fri 15/11/2019

sculpture

The Best Exhibitions in London

 Bridget Riley, Hayward Gallery ★★★★ A comprehensive celebration of the artist's 70-year career. Until 26 JanGeorge Stubbs: 'all done from Nature', MK Gallery ★★★★ A glorious menagerie. Until 26 JanHogarth: Place and Progress, Sir John Soane’s...

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Anna Maria Maiolino: Making Love Revolutionary, Whitechapel Gallery review – a gentle rebellion

Now in her mid-seventies, Anna Maria Maiolino has been making work for six decades. Its a long stretch to cover in an exhibition, especially when the artist is not well known. Perhaps inevitably, then, this Whitechapel Gallery retrospective seems...

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Leonardo da Vinci: A Life in Drawing, The Queen's Gallery review - peerless drawings, rarely seen

It is a commonplace to describe Leonardo as an enigma whose genius, and perhaps even something of his character, is revealed through his works. But as his works survive only in incomplete and fragmented form, it is drawing, the practice common to...

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Anish Kapoor, Lisson Gallery review - naïve vulgarity and otherworldly onyx

There are children screaming in a nearby playground. Their voices rise and fall, swell and drop. Interspersed silences fill with the sound of running, the movement and cacophony orchestrated by a boy who leads on the catch tone. It's simultaneously...

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Cathy Wilkes, British Pavilion, Venice Biennale review - poetic and personal

Dried flowers like offerings lie atop a gauze-covered rectangular frame. Pebbles surround its base alongside plaster casts, a desiccated dragonfly and an animal foot charm. Their placement is purposeful; their exact significance unclear. Four rib-...

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Henry Moore at Houghton Hall: Nature and Inspiration review - big views bring new light

Placed in a long and artfully Arcadian vista, earthy bronze subdued against verdant grass and trees, the restless form of Henry Moore’s Two Piece Reclining Figure: Cut, 1979-81 (Main picture), both disrupts and is absorbed by its surroundings. A...

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Mike Nelson, The Asset Strippers, Tate Britain review – exhilarating reminder of industrial might

Mike Nelson has turned the Duveen Galleries into a museum commemorating Britain’s industrial past (pictured below right). Scruffy workbenches, dilapidated metal cabinets and stacks of old drawers are pressed into service as plinths for the display...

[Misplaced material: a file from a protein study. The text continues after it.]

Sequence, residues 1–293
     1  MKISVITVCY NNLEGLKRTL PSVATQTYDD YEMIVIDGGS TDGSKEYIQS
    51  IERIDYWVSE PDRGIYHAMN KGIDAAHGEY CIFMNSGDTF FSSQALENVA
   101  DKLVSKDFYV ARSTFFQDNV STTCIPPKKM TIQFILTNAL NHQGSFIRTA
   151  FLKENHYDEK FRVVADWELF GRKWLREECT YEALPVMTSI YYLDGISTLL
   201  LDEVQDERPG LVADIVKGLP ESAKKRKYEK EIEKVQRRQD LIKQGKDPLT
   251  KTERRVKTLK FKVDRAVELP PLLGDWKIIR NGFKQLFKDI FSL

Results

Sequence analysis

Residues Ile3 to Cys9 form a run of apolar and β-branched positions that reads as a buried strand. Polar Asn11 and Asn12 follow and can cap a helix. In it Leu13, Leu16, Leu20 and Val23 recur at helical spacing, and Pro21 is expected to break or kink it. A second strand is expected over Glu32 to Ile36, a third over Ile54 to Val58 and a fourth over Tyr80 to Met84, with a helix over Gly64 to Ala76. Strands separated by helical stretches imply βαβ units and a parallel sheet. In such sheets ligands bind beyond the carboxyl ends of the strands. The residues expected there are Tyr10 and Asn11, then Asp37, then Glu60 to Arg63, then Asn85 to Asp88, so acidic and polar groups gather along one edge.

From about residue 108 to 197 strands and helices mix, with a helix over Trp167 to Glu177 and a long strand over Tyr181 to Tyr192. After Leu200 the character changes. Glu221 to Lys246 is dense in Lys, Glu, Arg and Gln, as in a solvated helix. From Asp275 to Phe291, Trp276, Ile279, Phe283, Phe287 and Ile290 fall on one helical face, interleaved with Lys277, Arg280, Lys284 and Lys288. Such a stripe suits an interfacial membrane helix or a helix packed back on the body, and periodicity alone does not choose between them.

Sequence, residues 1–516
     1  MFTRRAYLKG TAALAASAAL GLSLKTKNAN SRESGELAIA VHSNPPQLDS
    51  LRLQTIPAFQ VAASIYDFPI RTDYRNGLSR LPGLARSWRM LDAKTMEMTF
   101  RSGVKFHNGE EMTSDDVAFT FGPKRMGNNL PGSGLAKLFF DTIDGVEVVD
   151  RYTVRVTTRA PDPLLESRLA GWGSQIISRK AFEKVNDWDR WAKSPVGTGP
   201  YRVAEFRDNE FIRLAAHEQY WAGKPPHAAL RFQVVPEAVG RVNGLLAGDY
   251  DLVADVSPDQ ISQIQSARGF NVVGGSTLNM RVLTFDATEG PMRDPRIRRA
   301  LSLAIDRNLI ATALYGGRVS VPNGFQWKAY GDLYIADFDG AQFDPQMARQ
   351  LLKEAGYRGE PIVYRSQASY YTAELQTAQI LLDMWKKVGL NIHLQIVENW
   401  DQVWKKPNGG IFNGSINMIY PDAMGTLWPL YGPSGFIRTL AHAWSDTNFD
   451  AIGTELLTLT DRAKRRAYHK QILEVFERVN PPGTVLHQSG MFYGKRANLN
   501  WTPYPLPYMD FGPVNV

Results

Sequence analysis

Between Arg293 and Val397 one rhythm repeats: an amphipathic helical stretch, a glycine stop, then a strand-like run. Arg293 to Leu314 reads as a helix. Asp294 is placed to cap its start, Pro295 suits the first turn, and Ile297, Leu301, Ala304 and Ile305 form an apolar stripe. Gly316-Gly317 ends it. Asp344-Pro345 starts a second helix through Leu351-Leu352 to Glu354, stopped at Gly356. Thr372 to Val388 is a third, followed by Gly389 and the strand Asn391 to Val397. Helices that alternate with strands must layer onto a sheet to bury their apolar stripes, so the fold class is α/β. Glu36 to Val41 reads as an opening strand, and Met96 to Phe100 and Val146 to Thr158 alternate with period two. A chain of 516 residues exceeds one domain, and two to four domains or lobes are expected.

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Dorothea Tanning, Tate Modern review – an absolute revelation

Tate Modern’s retrospective of Dorothea Tanning is a revelation. Here the American artist is known as a latter day Surrealist, but as the show demonstrates, this is only part of the story. Tanning’s career spanned an impressive 70 years – she died...

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Franz West, Tate Modern review - absurdly exhilarating

Franz West must have been a right pain in the arse. He left school at 16, went travelling, got hooked on hard drugs which he later replaced with heavy drinking, got into endless arguments and fights, was obsessed with sex and, above all, wanted to...

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Phyllida Barlow: Cul-de-sac, Royal Academy review - unadulterated delight

It doesn’t get better than this! Phyllida Barlow has transformed the Royal Academy’s Gabrielle Jungels-Winkler Galleries into a euphoric delight. Entering the space, you have to turn right and process through the three galleries; but by closing the...

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Fausto Melotti: Counterpoint, Estorick Collection review - harmonious things

For an artist whose cerebral and frequently playful works reference physics, myth and music, Fausto Melotti’s artistic education was appropriately heterogeneous.The foundations were laid early on at the Elisabettina School in his hometown of...

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Elmgreen & Dragset, Whitechapel Gallery review – when is a door not a door ?

A whiff of chlorine hits you as you open the door of the Whitechapel Gallery. Its the smell of public baths, and inside is a derelict swimming pool with nothing in it but dead leaves and piles of brick dust. Damp walls, peeling paint and cracked...

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